Frannie Jacinto Shares Her Love for Art and Gardening
The family room with RJ's guitar collection, awards and a BenCab artwork depicting RJ playing his guitar
A large Baldemor painting matches a Chinese armoire converted into a crystal and porcelain cabinet in the dining area
Jacinto family portrait by the National Artist Fernando Amorsolo takes centre stage in the living area
Can you walk us through your typical day?
Upon waking up, I drink a glass of water with a lemon slice and enjoy a platter of fresh fruits, preferably local and whatever is in season. Since I don’t take any maintenance medication or vitamins/supplements, these fruits are my daily vitamins. I confer with our cook, who has been with us for 21 years, what our meals for the day will be. It must include a substantial dinner because that is usually the time we get together as a family. Because of the pandemic, my husband often has breakfast meetings at home, so that’s an important meal (for him). He is a workaholic and likes to start the day heavily fortified. An important part of the day is my daily late afternoon walk in our village park for exercise to keep the body toned and prevent osteoporosis.
What are your favourite spots in your home and why?
The garden area. I love plants and I enjoy watering them during the hot summer season. The area is filled with old fruit trees such as mango, santol (cotton fruit) and caimito (star apple) that have been in the property for almost 50 years as well as tropical plants that I planted; these include a variety of bamboo, lady palm and huge dapo (bird’s nest fern) trees. Another favourite area is the living and dining rooms for entertaining close friends and having family over. It has lots of space for everyone to move around and I made sure to have two separate dining tables in case we have lots of people over. Our family reunions usually comprise over 25 members of different age groups since my husband’s grandchildren are either newly married or have their beaus join us. But because of the pandemic, large dinners are out of the question—until we can do so.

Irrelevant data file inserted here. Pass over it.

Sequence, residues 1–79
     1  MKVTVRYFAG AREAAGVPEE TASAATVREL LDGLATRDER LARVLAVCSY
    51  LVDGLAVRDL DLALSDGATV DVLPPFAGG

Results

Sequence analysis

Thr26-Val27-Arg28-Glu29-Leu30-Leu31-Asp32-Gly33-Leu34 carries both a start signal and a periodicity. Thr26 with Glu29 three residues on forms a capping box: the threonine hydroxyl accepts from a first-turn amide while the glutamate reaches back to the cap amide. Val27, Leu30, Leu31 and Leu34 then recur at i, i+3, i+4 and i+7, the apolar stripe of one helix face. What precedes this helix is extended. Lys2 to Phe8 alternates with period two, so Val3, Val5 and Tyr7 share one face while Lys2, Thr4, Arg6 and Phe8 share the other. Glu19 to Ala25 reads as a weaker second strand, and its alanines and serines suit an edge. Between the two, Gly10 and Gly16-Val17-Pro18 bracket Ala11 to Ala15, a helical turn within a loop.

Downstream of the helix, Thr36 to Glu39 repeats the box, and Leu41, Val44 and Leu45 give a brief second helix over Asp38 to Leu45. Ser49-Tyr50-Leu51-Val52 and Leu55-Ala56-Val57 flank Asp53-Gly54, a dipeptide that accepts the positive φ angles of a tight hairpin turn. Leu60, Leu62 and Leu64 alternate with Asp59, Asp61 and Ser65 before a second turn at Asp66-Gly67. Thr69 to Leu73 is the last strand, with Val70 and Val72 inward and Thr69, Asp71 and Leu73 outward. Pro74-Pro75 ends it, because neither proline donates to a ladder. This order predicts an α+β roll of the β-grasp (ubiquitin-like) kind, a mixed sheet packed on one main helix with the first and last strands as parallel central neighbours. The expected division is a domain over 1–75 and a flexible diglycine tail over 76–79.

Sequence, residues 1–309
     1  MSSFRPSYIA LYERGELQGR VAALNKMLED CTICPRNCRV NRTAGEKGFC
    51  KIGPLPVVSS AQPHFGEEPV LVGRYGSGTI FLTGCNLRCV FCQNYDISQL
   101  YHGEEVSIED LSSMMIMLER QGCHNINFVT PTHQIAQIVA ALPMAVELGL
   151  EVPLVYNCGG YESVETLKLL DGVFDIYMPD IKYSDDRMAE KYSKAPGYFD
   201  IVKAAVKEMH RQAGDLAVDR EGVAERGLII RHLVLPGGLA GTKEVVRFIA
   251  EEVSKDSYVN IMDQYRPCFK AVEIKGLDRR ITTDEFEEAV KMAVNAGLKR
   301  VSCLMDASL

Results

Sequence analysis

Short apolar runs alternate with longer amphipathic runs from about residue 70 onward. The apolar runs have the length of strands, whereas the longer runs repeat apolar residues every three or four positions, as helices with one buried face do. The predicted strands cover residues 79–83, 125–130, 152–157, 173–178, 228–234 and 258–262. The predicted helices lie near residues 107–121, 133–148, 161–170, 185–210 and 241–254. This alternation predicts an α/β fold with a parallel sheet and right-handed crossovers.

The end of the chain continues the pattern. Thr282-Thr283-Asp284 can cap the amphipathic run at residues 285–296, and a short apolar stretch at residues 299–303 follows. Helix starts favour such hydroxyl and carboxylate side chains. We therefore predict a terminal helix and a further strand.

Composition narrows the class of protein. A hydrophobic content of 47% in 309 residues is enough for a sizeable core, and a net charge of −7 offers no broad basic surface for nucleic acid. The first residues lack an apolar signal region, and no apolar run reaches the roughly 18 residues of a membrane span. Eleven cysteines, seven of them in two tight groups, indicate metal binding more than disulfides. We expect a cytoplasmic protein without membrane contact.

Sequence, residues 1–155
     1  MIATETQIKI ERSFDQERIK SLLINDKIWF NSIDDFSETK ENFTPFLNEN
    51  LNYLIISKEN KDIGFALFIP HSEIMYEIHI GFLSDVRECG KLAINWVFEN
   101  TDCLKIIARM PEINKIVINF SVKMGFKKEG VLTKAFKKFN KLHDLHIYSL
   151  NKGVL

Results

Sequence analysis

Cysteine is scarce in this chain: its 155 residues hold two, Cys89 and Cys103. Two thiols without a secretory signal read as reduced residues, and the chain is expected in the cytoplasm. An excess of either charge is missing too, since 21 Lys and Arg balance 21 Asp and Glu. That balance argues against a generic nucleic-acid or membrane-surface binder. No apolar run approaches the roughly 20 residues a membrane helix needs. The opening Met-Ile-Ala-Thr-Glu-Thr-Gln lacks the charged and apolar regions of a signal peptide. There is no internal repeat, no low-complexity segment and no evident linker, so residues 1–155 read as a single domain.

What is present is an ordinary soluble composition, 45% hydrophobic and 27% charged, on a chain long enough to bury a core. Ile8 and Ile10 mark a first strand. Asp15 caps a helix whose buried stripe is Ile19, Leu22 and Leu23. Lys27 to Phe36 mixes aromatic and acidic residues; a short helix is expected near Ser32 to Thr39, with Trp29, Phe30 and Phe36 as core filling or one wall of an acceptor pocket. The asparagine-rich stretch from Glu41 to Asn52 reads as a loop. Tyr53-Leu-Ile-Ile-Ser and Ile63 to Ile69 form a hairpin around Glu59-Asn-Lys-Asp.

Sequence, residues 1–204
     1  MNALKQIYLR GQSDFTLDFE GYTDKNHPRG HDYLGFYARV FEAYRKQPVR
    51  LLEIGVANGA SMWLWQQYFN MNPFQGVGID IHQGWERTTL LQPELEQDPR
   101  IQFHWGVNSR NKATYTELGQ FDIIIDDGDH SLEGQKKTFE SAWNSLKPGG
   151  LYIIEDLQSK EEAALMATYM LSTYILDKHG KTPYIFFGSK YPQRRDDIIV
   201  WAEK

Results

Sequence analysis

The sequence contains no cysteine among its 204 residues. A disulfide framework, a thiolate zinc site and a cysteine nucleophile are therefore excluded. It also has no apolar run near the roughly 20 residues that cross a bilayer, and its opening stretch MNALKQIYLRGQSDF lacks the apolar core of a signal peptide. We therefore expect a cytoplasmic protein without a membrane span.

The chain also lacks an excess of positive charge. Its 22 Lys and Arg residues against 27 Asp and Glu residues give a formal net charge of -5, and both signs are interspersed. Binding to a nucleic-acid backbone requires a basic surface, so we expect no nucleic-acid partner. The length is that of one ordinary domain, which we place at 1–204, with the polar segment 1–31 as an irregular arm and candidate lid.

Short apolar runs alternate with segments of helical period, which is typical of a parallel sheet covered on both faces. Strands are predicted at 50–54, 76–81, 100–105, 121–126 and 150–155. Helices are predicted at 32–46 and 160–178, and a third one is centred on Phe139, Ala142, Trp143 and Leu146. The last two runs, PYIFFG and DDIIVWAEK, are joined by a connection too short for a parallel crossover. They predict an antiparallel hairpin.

In which area of the home do you spend your time the most?
For very quiet times, I stay in my room which has lots of space. It’s quiet and cool. We made sure that it would be similar to a hotel suite with its own dinette, an office space just for my own use and another area for my husband’s music/TV room. It also features his and hers bathrooms. We are together yet we don’t get in each other’s way. The other would be our garden and pool where I enjoy communing with our trees and foliage. It’s a relaxing area and seeing all that greenery gives one peace of mind.
Are there parts of your home that you’d like to be changed? If there are, how would you like to change them?
We have lived in our house for the past 34 years and renovated twice. The last time was ten years ago. I thought our storage spaces were sufficient, but if I had a chance, I would definitely like to add a bigger storeroom to keep things that we have accumulated and cannot part with. I have recently donated, sold and given away many unwanted items but there are still a lot that I wish to retain, including antique hand-painted crystal from Venice and several dozen sterling flatware sets from my parents, beautiful china from my in-laws, my father’s antique book collection, artworks that no longer can be used in my home but I cannot bear to part with, etc. And my husband is a pack rat so you can imagine how things accumulate as the years go by. I am hoping my children will realise their value and want them when they have homes of their own. If not, they can just dispose of them and I won’t feel guilty.
What are your favourite pieces in your home?
I love the artworks because I personally chose each one of them. A few were given by my father, Francisco Aguinaldo, who was an avid collector himself from 1960 to 1975. He made me aware of the beauty and value of art. We grew up with paintings filling our walls and bathrooms in all our homes—from New Manila to the newly-developed Dasmariñas Village. My art collection includes Amorsolo, Joya, Alcuaz, Sanso, HR Ocampo, Chabet, Anita Magsaysay Ho, BenCab, Ibarra dela Rosa, Salvador Dalí and my cousin Lee Aguinaldo (all deceased). From the more modern, and still living painters, there are works from Lao Lambien, Valeria Cavestany, Baldemor, Dexter Sy, Bitto, Ivan Acuña and Lopa.
This story was originally published in Tatler Homes Philippines Vol. 28. Download it for free on Magzter